Next week, a UNC-Chapel Hill class on college sports will delve into the athletic and academic scandal that has dogged the university for years. On Tuesday, according to the syllabus, the topic will be “covering up.”
The course, “Big-Time College Sports and the Rights of Athletes, 1956 to the present,” is taught by history professor Jay Smith, a frequent critic of the university administration and co-author of a 2015 book on the UNC scandal.
Smith, whose academic expertise is in early-modern France, said the course has aroused the concern of administrators and the athletic department since it was launched this year. And a few weeks ago, the history department chairman told Smith there was an effort to do away with the course, Smith said.
“It’s clear I was singled out for this kind of scrutiny and my department chair was pressured because of the nature of this course,” Smith said, adding: “It feels like I’m being subjected to a kind of scrutiny that other faculty don’t have to worry about, and it feels like my academic freedom is being hemmed in in ways that are unusual.”
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UNC officials deny there was any pressure to drop the course, which has 30 students.
In the end, the course was not eliminated. But it won’t be taught next year, said history department chairman Fitzhugh Brundage, “because of departmental priorities and our teaching needs.” It will be on the schedule again in the fall of 2018, he said.
The course examines the growth of big-time college sports since 1956, when the NCAA authorized “grants in aid,” or scholarships for athletes who could play while getting a free education.
It explores the rise of TV money, multimillion dollar coach salaries and luxury stadiums. According to the syllabus, the course “considers the practical and moral implications” for universities and for college athletes. It delves into women’s sports, racial equality and health impacts for athletes, and one session looks at “academic malpractice.” Later this month, News & Observer reporter Dan Kane, who has written extensively about the UNC scandal, will speak to the class.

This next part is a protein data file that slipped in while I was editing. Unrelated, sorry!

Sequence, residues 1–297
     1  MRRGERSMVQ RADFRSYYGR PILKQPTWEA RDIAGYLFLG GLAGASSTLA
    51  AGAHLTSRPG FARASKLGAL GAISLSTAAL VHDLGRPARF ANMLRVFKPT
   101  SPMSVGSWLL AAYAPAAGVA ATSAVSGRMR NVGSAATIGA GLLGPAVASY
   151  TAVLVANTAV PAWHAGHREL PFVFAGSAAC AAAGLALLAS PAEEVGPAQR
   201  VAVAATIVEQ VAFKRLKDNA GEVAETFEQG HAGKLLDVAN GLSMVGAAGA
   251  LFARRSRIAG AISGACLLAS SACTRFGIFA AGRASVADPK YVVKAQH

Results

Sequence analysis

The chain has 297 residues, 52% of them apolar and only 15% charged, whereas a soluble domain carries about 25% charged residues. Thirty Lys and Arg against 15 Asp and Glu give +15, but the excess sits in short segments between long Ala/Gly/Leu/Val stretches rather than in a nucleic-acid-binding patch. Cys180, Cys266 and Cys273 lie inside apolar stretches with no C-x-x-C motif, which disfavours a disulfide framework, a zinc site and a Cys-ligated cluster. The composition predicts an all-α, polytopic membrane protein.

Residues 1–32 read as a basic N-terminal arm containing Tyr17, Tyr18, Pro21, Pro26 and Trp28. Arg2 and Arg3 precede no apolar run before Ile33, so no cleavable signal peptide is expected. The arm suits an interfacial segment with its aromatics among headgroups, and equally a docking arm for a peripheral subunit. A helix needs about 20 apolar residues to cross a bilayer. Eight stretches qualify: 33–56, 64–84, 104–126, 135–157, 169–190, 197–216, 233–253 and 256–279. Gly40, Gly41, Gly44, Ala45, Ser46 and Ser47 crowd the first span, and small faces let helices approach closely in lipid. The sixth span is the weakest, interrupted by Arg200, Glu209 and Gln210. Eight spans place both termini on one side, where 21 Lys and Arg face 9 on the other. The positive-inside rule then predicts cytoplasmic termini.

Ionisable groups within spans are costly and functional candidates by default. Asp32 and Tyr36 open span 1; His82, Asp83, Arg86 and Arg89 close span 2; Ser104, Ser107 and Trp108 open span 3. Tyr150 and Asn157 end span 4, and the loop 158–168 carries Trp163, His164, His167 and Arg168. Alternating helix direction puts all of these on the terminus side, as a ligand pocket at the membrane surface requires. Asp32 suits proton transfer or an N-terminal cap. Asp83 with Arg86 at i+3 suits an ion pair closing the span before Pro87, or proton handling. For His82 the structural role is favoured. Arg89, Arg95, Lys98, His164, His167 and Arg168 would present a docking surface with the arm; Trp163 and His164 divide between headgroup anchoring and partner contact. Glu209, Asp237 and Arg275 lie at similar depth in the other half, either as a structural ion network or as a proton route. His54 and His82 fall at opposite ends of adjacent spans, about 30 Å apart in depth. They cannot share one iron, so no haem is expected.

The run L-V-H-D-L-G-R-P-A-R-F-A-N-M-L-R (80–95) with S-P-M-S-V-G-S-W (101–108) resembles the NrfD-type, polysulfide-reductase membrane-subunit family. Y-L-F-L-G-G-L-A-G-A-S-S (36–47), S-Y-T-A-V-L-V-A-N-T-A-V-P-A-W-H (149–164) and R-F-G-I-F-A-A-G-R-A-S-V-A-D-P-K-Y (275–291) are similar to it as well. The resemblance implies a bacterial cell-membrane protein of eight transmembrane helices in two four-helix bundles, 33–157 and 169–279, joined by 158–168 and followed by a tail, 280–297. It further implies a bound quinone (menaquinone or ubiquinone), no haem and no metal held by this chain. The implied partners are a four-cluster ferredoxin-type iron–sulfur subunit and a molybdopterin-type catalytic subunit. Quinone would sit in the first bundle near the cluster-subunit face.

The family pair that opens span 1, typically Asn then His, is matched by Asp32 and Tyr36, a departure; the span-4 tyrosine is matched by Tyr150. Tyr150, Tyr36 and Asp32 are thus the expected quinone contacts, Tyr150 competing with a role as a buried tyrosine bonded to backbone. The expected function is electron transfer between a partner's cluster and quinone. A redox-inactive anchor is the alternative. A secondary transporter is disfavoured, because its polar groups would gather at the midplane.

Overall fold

Students are required to read the book “Cheated,” which was co-authored by Smith and Mary Willingham, the former academic counselor who was a whistleblower in the UNC case.
When asked whether he was pressured to drop the course, history department chairman Fitzhugh Brundage said: ‘I can’t answer that question.’
But the class is about more than UNC, Smith said.
“The purpose of the course is not to to pick on UNC or to shame or humiliate UNC, it’s to show that what happened at UNC was the product of long-term historical forces,” he said.
Still, Smith said it has made some at UNC uncomfortable.
The course was created through a normal process, Brundage said. It was reviewed by a department committee and then submitted to the dean’s office. He said he was not aware of any controversy at the time.
But when Smith first taught the course in the summer, Brundage said he began to get questions from “faculty and others.” They asked why the course existed, and Brundage said he told them that the course had been approved and was “an appropriate and valuable addition to our curriculum.”
Brundage said other than the initial questions in the summer, “I’ve never had any communication from anyone else who has identified who it is who’s concerned about this course.”
The course, he said, had been popular and received positive reviews from students.
Brundage declined to identify the people who initially asked about the course. When asked whether he was pressured to drop the course, Brundage said: “I can’t answer that question.”
Kevin Guskiewicz, dean of the College of Arts and Sciences, said he met with Smith last week. He said Smith told him he’d heard through the grapevine that there was pressure from either the UNC system’s Board of Governors, the UNC Board of Trustees or the athletic department.
“Nobody has suggested that Jay Smith can’t teach that course,” Guskiewicz said. “They’re not going to get in the way of our curricular issues.”
Guskiewicz, who is new in the role of dean, said he’s asked all departments to review their curriculum to make sure that courses are attractive to students. Some humanities departments have seen declining enrollment, he said.
For administrators to pay any attention at all to the creation or scheduling of an individual course is exceptional. It’s unique in my experience.
Jay Smith, UNC history professor
“We’re asking every department to be strategic and think about their curriculum,” he said, pointing out that the College of Arts and Sciences had suffered a $2.2 million budget cut this year.
He added: “I have not been pressured by anybody around this course.”
Guskiewicz, who has done research on sports-related concussion and brain injury, has guest lectured in Smith’s class, he said.
Smith said the argument about strategic planning didn’t make sense to him. “For administrators to pay any attention at all to the creation or scheduling of an individual course is exceptional,” he said. “It’s unique in my experience.”